Last week the people next door had a gathering. Six months ago, that might have been annoying if you had to put a child to bed in spite of the noise. Today, we have to worry about that gathering possibly putting our lives at risk.
As the number of cases of COVID-19 rises across the United States, it’s becoming increasingly rare not to know someone who has been affected. In response to a threat that’s omnipresent but often asymptomatic, it’s natural to want to run for the hills. Some have: the median price of homes in the Hamptons reached a new record this spring as affluent New Yorkers fled to its beaches. In a July survey of wealthy investors by the Swiss bank UBS, nearly half said they planned to relocate away from cities permanently as a result of the pandemic.
Moving away from danger is nothing new. The wealthy do, because they can. In fact, they always have. As a scholar of the Renaissance at Northwestern University, I explore the strict class hierarchies of that distant past, but a look at the COVID-19’s profoundly unequal impacts shows us how little has changed.
In the early 1500s, Marguerite de Navarre, the Queen of Navarre and sister to the King of France, wrote The Heptameron about five noble ladies and five gentlemen who, to escape catastrophic floods, take refuge in an abbey up in the mountains and pass their days telling stories to one another. In the opening scene, one of the noblemen crosses a flooded river on horseback by surrounding himself with his servants, who die blocking the swelling waters. He makes it safely to the abbey where the other lords and ladies are sheltering, and the Queen of Navarre describes how they “felt an inestimable joy, praising their Creator who, contenting himself with the servants, had spared the masters and mistresses.”
Nothing more is said about those who died in that river, and the story never looks back. The aristocrats who make it to the abbey find a lavish shelter there, and happily entertain one another for the remainder of the book. What’s lost, along with “the servants,” is any connection to the outside reality of a suffering world.
In the years following Marguerite de Navarre’s death, France was increasingly split by religious conflict between Catholics and minority Protestants, and the second half of the 16th century saw the country engulfed by civil war. People who had previously lived in peace violently turned against one another. Estimates put the number of dead throughout the French Wars of Religion between two and four million.
Obviously, what we’re experiencing in this pandemic 450 years later is not a matter of mass violence or political collapse. But, just as today, the intense societal pressures of the 16th century came from threats among neighbors: Catholic and Protestant believers lived side-by-side, their differences not always visible. Today, much of the social anxiety around COVID-19 comes from the fact that it’s often transmitted asymptomatically, and through proximity. You can’t always see who’s affected or truly know of whom you should be wary. Questions of isolation, privacy, and exposure are at the forefront of our collective political response to a threat that is everywhere around us, but also difficult to discern.
Its unequal impacts, however, are only too visible. Today, the idea of celebrating the sacrifice of working-class lives to save the privileged few would rightly seem abhorrent. Looking back across five centuries shows us how far society has come in many ways, but it also shows us the problems that are still with us. In that single, unironic sentence about a fictional flood, the Queen of Navarre exposed a deeply rooted class system that, when push came to shove, disregarded human life that it saw as socially inferior and therefore expendable.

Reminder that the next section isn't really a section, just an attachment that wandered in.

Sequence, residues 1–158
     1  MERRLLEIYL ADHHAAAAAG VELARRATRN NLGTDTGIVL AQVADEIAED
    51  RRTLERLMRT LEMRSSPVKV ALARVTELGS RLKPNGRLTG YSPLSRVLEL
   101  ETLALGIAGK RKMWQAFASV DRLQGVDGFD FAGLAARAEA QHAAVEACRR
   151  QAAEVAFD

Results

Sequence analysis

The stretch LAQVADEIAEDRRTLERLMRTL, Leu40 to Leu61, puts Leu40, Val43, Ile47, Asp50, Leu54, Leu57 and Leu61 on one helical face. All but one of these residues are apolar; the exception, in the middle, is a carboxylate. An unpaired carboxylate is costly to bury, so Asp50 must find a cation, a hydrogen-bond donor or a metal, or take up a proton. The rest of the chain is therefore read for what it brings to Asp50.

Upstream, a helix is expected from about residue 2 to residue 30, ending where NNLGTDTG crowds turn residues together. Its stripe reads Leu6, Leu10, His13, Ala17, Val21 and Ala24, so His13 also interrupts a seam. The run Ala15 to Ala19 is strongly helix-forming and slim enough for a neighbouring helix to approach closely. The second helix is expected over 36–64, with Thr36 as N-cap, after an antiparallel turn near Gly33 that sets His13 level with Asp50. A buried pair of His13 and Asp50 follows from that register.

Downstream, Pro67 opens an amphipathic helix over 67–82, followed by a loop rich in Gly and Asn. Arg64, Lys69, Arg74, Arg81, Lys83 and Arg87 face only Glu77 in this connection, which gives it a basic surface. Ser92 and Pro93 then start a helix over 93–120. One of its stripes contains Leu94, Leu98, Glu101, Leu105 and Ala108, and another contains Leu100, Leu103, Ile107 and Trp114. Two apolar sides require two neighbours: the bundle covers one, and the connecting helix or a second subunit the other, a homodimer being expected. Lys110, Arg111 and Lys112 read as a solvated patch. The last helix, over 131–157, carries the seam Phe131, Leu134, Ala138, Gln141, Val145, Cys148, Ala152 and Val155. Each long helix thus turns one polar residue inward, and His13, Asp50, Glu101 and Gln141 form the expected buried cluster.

As this pandemic has claimed almost 200,000 lives in the US already, its impacts have disproportionately been felt by low-income and minority communities. For instance, recent research has linked income to COVID-19 risk factors, as counties with higher rates of poverty, household crowding and residents of color also have higher rates of death. Overall, the virus’s mortality rate is more than twice as high among Black Americans as among their white counterparts. These disparities exist regardless of age, as Hispanic and Black children are hospitalized at much higher rates too.
Part of the problem is that people in positions of privilege — economic, political, racial — are insulated from these disparities. They’re better able to either get away or turn away. The fact that the threat is all around us, among our neighbors and friends, also seems to give us permission to focus only on ourselves, to worry about our own.
But what if the Queen of Navarre had stopped at that scene of death in a flooded river? What if, instead of glossing over the demise of “the servants,” she had told the stories of those who died to save their noble employer? Though essential workers of their time, their lives were invisible to a queen at the height of social privilege. Let us not allow deep-rooted social, racial, economic, and political inequalities to make the suffering of so many thousands here in this country invisible 500 years later.
These stories must be told, as too often they are not. The number of lives that COVID-19 has already claimed is too large to fully grasp, and it’s too easy to move away, or to turn away, when loss is so widespread that it becomes anonymous. What’s missing are people’s harrowing stories, along with images, even sounds, of the loss that systemic social and economic inequality is concealing. We need to hear of the funerals, the hospitalizations, the fear and grief not in the aggregate, but name by name, life by life. Physical isolation is everywhere; making the effort to focus on the grieving faces and giving voice to the most affected can help counteract the moral isolation of inequality as well.